Everybody has their own definition of a band ‘making it big.’
For some, making it big would consist of signing to a major record label with oodles of publicists, designers and ad execs pushing your album. For others, getting nationwide exposure from an impromptu guitar duel with one of America’s most popular late night hosts would qualify you for ‘big’ status. And still others—artsy types and rock critics mostly—would say that you’ve made it big when you can combine a Japanese folk tale and a famous Shakespearean play into one of the most acclaimed rock albums of the year.

Which means that, however you define it, The Decemberists are riding their latest album, The Crane Wife, to official and inescapable Bigness. Residing on an obscene number of music critics ‘Top Ten’ and ‘Best Of…’ lists for 2006, The Crane Wife also marks the band’s first foray into the wild and wooly world of major label music.
According to bassist Nate Query, the Crane Wife story is one that had been percolating in the mind of front man and songwriter Colin Meloy for years, ever since he and keyboardist Jenny Conlee had come across the tale while reading children’s books during a lull at the Portland book store where they both worked.

“The story really struck him and he kind of had it in the back of his mind as a song idea for a long time…he was never really finishing it.” said Query of Meloy’s fascination with the fable.

The impetus to complete the song came while the band was throwing around ideas of what they wanted their next album to sound like. There was a lot of talk about “…having some longer songs on it or making it a little more proggy, or at least exploring that direction a little bit, and maybe that was what inspired him to try turning it into three songs. But once he turned it into three songs, all of a sudden it came together really nicely and basically as you hear it on the record,” said Query.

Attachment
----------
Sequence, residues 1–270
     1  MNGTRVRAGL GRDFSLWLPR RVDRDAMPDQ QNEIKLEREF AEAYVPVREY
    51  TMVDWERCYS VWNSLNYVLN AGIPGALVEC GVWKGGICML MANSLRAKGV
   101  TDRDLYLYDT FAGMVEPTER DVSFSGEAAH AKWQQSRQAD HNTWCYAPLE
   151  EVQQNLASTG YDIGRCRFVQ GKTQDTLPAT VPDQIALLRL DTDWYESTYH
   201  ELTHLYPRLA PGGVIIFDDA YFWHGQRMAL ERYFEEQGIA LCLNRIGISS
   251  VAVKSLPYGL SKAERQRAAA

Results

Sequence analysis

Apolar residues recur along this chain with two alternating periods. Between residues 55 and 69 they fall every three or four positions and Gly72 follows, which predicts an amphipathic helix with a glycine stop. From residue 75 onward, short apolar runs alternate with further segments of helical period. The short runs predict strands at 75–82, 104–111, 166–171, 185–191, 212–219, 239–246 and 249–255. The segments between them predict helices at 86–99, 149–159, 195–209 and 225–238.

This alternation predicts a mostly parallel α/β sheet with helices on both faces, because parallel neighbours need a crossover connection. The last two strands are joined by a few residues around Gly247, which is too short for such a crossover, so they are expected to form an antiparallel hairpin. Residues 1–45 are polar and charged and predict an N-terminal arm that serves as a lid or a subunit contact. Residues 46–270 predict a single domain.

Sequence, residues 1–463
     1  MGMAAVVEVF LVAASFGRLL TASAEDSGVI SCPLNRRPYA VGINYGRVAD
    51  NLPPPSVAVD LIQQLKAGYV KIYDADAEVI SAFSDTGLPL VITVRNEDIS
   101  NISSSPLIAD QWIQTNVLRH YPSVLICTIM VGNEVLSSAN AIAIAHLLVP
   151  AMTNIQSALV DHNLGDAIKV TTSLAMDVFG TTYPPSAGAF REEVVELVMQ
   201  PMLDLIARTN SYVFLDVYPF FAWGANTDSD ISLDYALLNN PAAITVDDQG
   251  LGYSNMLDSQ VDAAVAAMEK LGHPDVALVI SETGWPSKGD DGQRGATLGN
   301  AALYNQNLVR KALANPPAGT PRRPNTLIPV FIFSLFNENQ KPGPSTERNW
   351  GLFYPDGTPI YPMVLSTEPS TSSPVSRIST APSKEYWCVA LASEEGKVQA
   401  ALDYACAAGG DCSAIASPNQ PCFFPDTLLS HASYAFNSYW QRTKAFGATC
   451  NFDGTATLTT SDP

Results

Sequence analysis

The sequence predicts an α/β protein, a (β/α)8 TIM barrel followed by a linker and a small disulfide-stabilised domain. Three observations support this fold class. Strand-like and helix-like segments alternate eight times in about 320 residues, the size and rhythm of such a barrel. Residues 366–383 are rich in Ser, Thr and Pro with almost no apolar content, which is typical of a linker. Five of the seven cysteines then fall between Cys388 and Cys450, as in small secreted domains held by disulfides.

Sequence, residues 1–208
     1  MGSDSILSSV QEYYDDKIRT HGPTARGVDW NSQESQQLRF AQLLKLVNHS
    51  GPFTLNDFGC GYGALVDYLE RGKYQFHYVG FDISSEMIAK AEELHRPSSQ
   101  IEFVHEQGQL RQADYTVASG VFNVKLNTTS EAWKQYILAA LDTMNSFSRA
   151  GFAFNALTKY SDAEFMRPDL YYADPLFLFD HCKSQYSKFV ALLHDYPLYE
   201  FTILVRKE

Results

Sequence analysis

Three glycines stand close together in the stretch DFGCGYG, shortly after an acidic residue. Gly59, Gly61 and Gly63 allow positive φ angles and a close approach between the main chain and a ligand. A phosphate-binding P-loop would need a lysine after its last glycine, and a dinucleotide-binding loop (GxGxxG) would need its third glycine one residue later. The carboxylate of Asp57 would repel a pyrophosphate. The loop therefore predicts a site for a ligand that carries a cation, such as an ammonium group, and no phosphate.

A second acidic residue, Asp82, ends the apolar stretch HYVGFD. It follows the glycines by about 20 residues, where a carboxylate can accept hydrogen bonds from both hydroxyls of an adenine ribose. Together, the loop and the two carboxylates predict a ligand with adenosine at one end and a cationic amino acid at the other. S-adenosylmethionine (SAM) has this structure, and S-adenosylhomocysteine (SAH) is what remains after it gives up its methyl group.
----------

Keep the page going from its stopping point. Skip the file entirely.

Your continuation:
In its three song format, the tale of the crane wife formed one of the two song cycles that make up The Crane Wife, along with The Island, an eleven minute opus that retells Shakespeare’s The Tempest. The Island was the tune originally slated to open the latest album, until producer Chris Walla (Death Cab for Cutie) suggested taking the third portion of The Crane Wife and making it the first track.

“Once Chris suggested that, everybody got really excited about it,” recalls Query. “I think it works great as an album opener.”

Local boy Walla has been working as a producer and engineer for the band since their 2003 EP The Tain, where the two parties discovered the great chemistry they had together.

“Chris Walla was so fun to work with, worked so well with the band, was so spontaneous as an engineer and a producer that we’ve maintained that relationship,” said Query.
Another great relationship that the band has fostered has been the one with their new co-workers at Capitol Records. After releasing their first few albums on Portland’s Hush Records and venerable northwest indie label Kill Rock Stars, The Decemberists have made an unexpectedly smooth transition into the world of major labels, a world that Query characterizes as having less differences to it’s scrappy, independent counterparts than one would think, with the most striking one being the small legion of people assigned to a given album.

“Part of the reason albums never recoup is because all they know how to do is go all the way with a record, so you’ve got a bazillion people working on your record, and that’s expensive,” says Query, who seems a little blown away but grateful for the label’s strong backing. “It’s really nice to have, because it means that we have a lot of support…we’ve been really lucky, it’s gone well.”

Their biggest bit of publicity for The Crane Wife may have come with no help from their label. The band’s much ballyhooed feud with spoof newsman Stephen Colbert came to a head in December of last year with a guitar competition between the Decemberists Chris Funk and Colbert himself, who brought in ringer Peter Frampton to steal the show, all under the watchful eyes of Henry Kissinger, marking the first time any malfeasance went unreported by Dr. Kissinger. Despite the defeat, Query remains delighted about the spot.

“When I’m 80 years old and telling my grandkids how I used to be a rock and roll bass player, that’s definitely going to be one of the things I talk about.”

The Decemberists with My Brightest Diamond
Saturday, May 5
in Red Square
Doors at 4 p.m., show at 5 p.m.
$18 w/ID $25 general